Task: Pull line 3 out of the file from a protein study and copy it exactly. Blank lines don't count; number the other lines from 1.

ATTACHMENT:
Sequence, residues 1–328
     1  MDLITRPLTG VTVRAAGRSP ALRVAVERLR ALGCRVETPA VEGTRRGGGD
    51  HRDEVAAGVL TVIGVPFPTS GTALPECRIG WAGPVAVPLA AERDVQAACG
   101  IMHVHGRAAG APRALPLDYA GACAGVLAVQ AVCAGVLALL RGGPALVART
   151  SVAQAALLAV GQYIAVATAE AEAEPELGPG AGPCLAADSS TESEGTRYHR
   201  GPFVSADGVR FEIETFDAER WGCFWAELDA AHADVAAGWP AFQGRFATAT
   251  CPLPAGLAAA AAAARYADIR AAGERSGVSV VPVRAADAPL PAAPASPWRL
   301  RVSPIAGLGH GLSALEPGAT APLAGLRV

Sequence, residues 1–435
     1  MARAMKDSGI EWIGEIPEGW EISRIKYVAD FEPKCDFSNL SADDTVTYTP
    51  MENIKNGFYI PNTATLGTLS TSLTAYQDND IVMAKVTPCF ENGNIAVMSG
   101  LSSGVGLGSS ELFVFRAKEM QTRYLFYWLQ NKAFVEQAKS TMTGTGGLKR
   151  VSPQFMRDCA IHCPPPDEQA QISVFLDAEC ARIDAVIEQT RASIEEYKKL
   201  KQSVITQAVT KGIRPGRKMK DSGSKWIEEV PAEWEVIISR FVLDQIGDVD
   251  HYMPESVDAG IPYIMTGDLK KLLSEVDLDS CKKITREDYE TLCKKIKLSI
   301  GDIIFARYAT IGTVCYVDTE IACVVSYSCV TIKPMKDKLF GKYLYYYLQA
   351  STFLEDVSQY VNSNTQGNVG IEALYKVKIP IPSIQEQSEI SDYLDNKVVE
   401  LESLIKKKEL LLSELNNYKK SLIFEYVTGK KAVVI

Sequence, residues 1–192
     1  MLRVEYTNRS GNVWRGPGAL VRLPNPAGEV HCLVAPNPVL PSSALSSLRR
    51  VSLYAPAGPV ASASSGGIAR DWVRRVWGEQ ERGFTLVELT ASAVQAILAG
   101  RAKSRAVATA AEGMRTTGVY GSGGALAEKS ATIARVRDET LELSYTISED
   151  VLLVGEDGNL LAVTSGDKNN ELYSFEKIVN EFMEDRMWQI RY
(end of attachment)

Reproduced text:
    51  HRDEVAAGVL TVIGVPFPTS GTALPECRIG WAGPVAVPLA AERDVQAACG